Storing uploaded files outside the web root is a strong and easy to implement measure, but it might make installing the application on a large amount of servers slightly more difficult. Because the servers then need to be configured to allow storing files outside of the web root by creating a folder to store the uploaded files and granting the web server permissions to write to that folder, this additional configuration work is a primary reason why many commercial applications store uploaded files in a web accessible locations – and subsequently, suffer from shell upload vulnerabilities. Another mitigation method, which is virtually identical, is to store uploaded files in a database. Files stored in a database cannot be accessed directly via HTTP requests, so even if an attacker is able to upload a shell, they won't be able to access it. If the application is already using a database, there is no additional end-user configuration required for using the database method to contain the uploaded files; however, it is harder to code and there is some maintenance overhead because the database might become quite large and therefore the backups also.
Configuring a folder inside of web root as web inaccessible using web server configuration directive is another mitigation technique, however it’s also the easiest to implement incorrectly. Most commonly this is accomplished using .htaccess files. The challenge is that protecting the upload folder then becomes the responsibility of the end user. When done correctly, using web server configuration to block access to the uploads folder is just as effective as the other methods, but many users don't set it up correctly.
When it comes to accessing the uploaded files, a PHP script should be used to read the specified file and return its contents. This can be used to show uploaded images in the browser or for any other purpose where it is necessary for the users to access the uploaded files. The fact that a PHP script returns the contents of the uploaded files rather than the web server processing the uploaded files as a result of direct requests means that there is no chance that the uploaded files will be executed as code.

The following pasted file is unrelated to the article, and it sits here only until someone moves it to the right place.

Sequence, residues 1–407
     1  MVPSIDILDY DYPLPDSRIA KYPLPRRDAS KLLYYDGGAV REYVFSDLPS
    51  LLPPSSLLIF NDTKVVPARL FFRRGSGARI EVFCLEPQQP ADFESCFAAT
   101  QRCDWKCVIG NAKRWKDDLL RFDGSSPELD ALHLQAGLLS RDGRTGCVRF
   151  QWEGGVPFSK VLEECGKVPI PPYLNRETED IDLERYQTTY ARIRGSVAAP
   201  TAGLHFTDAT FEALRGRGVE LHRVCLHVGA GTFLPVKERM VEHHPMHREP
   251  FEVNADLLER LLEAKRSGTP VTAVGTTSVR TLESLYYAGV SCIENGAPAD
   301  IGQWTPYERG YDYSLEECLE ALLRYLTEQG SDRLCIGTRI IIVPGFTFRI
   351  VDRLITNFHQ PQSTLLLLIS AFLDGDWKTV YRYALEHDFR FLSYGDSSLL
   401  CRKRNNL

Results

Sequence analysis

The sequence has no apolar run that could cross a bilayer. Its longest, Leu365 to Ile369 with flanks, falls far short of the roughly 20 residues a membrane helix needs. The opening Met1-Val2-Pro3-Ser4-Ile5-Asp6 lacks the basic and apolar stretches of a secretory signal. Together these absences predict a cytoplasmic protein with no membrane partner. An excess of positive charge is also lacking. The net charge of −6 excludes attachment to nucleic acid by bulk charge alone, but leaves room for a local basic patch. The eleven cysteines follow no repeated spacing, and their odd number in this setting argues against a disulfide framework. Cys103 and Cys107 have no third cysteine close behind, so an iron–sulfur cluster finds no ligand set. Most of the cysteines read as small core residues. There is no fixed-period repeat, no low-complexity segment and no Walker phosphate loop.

Do not eval or include uploaded data. No realistic application requirements where executing uploaded user files as server-side code would be a good idea come to mind, so this is just a technical note. If you are for some reason tempted to include() or eval() user uploaded files, just don't :)
The file names and extensions of uploaded files should be changed to prevent possible execution. If the original file names need to be preserved, they should be stored in a lookup table, either in a database or in a XML file. Web servers execute PHP files as code based on file extensions. If a file has an extension that is defined as code in the server's configuration, it will be executed. Common PHP file extensions are .php and .php5, but there may be others, depending on the server configuration. It is important not to allow attackers to upload files with extensions that allow the files to be interpreted as code. Scrambling the file extensions, or even removing them completely, accomplishes that. Scrambling the file names also provides the added bonus that it makes it more difficult for the attacker to find the uploaded file(s) and thus makes it harder to create HTTP requests that access those files directly.
Lastly, be sure to define valid types of files that the user is allowed to upload. The application should define possible valid file extensions and the developer should make sure that none of the allowed file extensions can be interpreted as application code by the web server. Do not bother validating the MIME type of the upload - that can be easily faked by the attacker. However, it does help to validate the extension of the file being uploaded and after passing such validation, all uploaded files should still be treated as dangerous. Don't rely on file type validation as a sufficient defense - it should be used in addition to other countermeasures described in this blog.
In summary, shell upload vulnerabilities can be effectively prevented by blocking direct access to uploaded files and limiting the ability of users to upload files.